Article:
First up was Mr. Turner, Mike Leigh's biopic about the painter. ( Which has a striking poster )
I knew Turner's paintings, but nothing about the man, so it was fascinating. The film shows Turner as a rough character (he was the son of a Covent Garden barber) but as it goes on you get more glimpses of his vulnerabilities. One thing I found stood out was how much death is shown to be a part of everyday life in 19th century England. Every single character is shown to have dead children, spouses and siblings. And as Turner, Timothy Spall does a bang up job, doing much with just a look or a growl. It's not a perfect film, and does perhaps drag a bit, but it worth a watch.
My second film was Don't Go Breaking My Heart 2, a Hong Kong rom com directed by Johnnie To. To is prolific and works in all sorts of genres, and he's produced a number of masterpieces. (If you want to see a brilliant Chinese action film, check out his Drug War.) This is not a masterpiece. It's not even very good. In fact, I'd go so far as to say it's bad. The film is full of wacky misunderstandings that make even less sense than usual in this genre, and at the end, when the main female character dumps her fiance at the altar for the bloke who's been pursuing her throughout the film, it comes off as creepy and dumb rather than at all charming. If you're looking to check out a HK rom com, this would not be the one to start with.
Next up was Far from Home, the first film with Viggo. It's set at the start of the Algerian war for independence. Viggo plays a teacher, Daru, in an isolated area who's given the job of transporting a young Arab man accused of murdering his cousin to the nearest town. Knowing he'll be taking the young man to a guaranteed death sentence, Daru is reluctant to carry out his assignment, but his hand is forced when the man's relatives arrive to try and kill him. He and the young man make a run for the town, and are caught between the rebels and the French forces fighting them.
( Here's a couple of still from the film )
In spite of the fact that both the above stills show Viggo with a gun, what's so refreshing about the film is that the character keeps trying to avoid bloodshed, and what's truly important to him is teaching his students. (The final scene, with Daru back in his school, had me in tears.) And Viggo has wonderful chemistry with the actor playing the young man, Reda Kateb. All, in all, I'd highly recommend it.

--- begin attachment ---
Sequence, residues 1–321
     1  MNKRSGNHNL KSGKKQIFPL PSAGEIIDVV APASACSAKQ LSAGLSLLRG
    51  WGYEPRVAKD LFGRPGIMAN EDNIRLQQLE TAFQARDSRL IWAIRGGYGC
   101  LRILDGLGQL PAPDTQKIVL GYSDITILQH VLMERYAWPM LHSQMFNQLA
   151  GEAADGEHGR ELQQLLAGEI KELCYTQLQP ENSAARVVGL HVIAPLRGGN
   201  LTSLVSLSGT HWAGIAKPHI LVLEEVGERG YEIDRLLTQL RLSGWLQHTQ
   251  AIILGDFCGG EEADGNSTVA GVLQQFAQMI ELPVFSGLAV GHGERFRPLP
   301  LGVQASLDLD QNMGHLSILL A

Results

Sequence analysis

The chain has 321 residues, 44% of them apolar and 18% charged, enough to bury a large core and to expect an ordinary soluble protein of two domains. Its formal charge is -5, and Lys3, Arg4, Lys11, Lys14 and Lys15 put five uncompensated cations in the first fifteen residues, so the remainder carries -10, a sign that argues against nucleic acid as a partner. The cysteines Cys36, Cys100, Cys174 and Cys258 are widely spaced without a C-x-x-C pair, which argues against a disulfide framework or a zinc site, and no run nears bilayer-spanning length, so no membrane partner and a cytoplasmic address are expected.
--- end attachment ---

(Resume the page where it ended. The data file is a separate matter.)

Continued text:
My last film for the day was In the Crosswind, an Estonian film about Stalin's deportation of people from the Baltic states to Siberia during World War II. I picked this one for its connection to my family. My dad was Latvian, and two of his cousins were deported to Siberia during this time. (Astoundingly, they survived. When I went to Latvia with my dad ten years ago, they were still alive, and were two very sweet, very tough old ladies.)
The way In the Crosswind is filmed is extraordinary. The director set up a tableau for each scene, with the camera tracking through the actors and the scenery, gradually revealing what's going on as on the soundtrack an actress reads the letters of a woman who was deported and also survived. At the Q & A afterwards, the director said he decided on the technique when he was reading letters from deportees at the national archive and found one where the writer said he felt that time had stopped for them in Siberia. The director also said that it took between two and six months to film each separate scene, and four years to complete the film.
( Here are a couple of shots of tableaux )
This technique could have fallen completely flat, but it works incredibly effectively. In each scene, the camera travels through the set and actors to only gradually reveal the horror of the scene. The whole thing was very tense, and very affecting, and if you get a chance to see it, I'd highly recommend it.
Skipping back to the first day of TIFF.
My fest had a rather inauspicious start with The Valley, an international co-production from a Senegalese director working in Lebanon. It sounded potentially promising. It starts with a heard but not seen car crash in the desert, from which emerges a man with a head injury and no memory. He goes in search of help and finds four people whose car has broken down. When he fixes their car, they feel they have to take him in. But as is gradually revealed, they're not innocent travellers. They run a drug lab in a desolate area of Lebanon. And a war is gradually closing in around them.
You could make an interesting film with that premise. The Valley is not that film. It's full of people staring into the middle distance while not much happens, or sitting tensely together while not much happens, and one character is occasionally seen creating ominous charcoal drawings that I'm sure are meant to be highly significant but don't really do much. But ultimately, it doesn't amount to much more than a line voiced by one character after war finally breaks out: "The Middle East is fucked."
On the positive side, the director knows how to compose an image, and he does incredible things with sound. (He manages to create a complete invasion with only sound and a few distant CGI effects.)
Fortunately, my second film of the day was a huge improvement.
The Dead Lands is an epic set in pre-colonial New Zealand, with dialogue entirely in Maori. It starts off with two rival tribes meeting years after a war between them to honour the bones of their dead ancestors. But the visiting tribe desecrates the bones and accuses the son of the other tribe, and uses this as an excuse to come back and massacre all the men of the tribe. The only male survivor is the teenage son, who feels he then has to track down the killers of his tribe.